The NHS capital budget pays for
long-term investment in new buildings, equipment and technology research and development and some maintenance and upgrades
to keep everything running smoothly. Capital is a critical part of health care. Poorly maintained buildings and old equipment effects how productive people working in the NHS can be which affects the care we all receive. Currently, the UK has very low levels
of capital spending for health care. We spend less on it as a percentage of our national income than all these countries. Funding pressures and growing demand has piled pressure on the NHS. To cope, money has been transferred from the capital budget to the revenue budget in order to cover day-to-day running costs. But by not investing in capital today we are storing up serious problems for the future. There are big ambitions for the NHS to deliver world-class care for major health problems and to lead the world in data and technology. The reality is, without a substantial, long-term commitment to capital we won’t be able to keep our existing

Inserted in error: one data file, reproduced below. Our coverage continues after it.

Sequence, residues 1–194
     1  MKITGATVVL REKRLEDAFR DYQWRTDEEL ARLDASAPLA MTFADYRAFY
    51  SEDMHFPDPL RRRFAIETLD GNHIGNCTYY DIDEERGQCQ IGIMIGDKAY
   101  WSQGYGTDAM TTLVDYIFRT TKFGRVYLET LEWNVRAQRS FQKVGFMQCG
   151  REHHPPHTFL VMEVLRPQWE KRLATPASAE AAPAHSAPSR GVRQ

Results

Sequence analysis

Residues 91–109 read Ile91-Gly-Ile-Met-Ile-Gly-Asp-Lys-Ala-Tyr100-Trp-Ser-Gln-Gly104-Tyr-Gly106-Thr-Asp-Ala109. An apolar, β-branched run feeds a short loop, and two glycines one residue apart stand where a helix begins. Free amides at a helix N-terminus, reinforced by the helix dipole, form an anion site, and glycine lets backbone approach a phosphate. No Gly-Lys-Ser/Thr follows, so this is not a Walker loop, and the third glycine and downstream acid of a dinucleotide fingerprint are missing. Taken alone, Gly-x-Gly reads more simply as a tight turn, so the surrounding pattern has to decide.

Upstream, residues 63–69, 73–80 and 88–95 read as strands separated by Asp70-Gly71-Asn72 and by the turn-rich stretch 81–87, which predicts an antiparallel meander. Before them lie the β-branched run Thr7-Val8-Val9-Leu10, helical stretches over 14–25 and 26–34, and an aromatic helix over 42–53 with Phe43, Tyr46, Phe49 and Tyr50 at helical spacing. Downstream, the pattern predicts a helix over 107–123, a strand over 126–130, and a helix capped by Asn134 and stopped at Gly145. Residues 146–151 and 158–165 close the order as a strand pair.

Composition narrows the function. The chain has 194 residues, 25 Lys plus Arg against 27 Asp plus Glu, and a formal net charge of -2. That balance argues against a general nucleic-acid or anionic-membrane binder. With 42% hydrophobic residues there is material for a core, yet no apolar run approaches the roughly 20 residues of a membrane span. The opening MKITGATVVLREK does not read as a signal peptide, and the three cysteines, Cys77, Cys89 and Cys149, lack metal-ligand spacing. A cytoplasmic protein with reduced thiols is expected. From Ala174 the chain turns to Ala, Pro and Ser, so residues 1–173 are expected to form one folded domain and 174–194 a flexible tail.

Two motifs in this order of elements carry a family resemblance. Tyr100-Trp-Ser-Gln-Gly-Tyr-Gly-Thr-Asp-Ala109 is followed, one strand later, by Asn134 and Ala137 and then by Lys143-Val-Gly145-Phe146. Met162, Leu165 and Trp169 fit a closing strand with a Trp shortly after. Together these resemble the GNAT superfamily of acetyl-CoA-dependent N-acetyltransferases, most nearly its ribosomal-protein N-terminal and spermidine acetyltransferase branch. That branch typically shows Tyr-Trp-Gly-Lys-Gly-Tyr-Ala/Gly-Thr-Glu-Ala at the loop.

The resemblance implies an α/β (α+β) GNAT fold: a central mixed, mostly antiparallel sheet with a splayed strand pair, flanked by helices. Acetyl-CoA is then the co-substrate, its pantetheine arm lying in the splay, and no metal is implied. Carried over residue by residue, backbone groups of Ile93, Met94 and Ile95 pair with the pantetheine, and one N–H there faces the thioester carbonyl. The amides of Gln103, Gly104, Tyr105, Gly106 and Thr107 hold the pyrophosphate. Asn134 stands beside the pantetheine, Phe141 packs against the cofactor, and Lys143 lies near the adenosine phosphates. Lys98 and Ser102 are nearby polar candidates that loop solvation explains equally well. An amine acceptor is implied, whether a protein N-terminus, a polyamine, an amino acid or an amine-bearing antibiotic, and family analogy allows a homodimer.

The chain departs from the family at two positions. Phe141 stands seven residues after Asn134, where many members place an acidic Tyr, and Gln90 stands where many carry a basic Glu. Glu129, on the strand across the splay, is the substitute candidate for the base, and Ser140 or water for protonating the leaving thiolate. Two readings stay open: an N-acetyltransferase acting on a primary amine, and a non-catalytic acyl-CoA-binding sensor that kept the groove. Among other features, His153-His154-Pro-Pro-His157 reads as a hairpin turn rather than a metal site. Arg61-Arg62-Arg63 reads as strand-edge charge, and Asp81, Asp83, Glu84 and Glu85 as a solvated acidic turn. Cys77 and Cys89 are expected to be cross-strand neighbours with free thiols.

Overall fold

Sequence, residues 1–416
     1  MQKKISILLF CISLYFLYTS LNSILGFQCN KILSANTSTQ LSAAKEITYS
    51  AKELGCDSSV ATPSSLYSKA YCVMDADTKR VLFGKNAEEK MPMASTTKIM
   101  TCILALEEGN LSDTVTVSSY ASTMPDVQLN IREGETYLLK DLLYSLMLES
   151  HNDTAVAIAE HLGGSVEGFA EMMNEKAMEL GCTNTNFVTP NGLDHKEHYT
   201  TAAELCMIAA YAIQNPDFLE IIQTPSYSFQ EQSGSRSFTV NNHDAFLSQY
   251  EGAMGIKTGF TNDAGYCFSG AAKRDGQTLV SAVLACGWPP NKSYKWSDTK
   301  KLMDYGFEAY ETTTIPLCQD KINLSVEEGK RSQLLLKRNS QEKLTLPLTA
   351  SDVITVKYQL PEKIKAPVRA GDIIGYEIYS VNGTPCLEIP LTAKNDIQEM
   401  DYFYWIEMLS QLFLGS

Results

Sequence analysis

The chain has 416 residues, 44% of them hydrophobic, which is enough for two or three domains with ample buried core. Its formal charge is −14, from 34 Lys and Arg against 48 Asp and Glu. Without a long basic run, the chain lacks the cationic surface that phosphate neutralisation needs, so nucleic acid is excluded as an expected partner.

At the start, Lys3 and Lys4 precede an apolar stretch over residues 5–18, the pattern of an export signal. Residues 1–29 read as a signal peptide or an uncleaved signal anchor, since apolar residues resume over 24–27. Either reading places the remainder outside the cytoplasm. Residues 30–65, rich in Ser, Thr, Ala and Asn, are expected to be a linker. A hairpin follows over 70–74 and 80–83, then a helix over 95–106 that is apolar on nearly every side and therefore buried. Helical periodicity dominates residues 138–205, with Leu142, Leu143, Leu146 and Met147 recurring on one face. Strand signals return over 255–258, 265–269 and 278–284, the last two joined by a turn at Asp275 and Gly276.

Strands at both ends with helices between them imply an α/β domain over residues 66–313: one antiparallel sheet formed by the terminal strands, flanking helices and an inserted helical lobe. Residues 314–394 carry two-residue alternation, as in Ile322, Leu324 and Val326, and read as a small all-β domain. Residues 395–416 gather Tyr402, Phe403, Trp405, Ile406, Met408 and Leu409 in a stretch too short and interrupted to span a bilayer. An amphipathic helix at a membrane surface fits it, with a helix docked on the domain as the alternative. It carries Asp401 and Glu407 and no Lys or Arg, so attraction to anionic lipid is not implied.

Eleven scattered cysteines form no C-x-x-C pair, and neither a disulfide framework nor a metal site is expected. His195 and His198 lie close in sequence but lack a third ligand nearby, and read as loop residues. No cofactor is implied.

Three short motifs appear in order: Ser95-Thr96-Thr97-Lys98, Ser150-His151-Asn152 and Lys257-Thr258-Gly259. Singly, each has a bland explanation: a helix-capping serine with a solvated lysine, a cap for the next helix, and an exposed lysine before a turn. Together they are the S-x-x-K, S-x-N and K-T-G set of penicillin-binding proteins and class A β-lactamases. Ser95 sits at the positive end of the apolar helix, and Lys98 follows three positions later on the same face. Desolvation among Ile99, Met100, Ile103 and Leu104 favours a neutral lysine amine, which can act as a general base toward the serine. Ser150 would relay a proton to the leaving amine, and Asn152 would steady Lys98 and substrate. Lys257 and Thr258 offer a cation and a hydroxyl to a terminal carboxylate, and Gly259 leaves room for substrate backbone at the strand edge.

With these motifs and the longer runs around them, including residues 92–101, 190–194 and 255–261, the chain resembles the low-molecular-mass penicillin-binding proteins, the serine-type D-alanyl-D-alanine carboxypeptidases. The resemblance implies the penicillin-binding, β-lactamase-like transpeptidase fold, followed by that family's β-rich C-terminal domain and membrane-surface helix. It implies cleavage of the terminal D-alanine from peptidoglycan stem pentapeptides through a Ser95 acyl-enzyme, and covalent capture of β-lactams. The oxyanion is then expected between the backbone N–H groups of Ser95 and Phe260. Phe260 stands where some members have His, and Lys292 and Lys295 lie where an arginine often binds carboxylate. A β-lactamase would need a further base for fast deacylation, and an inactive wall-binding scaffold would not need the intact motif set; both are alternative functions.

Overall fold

infrastructure in good working order let alone deliver the vision for a transformed NHS.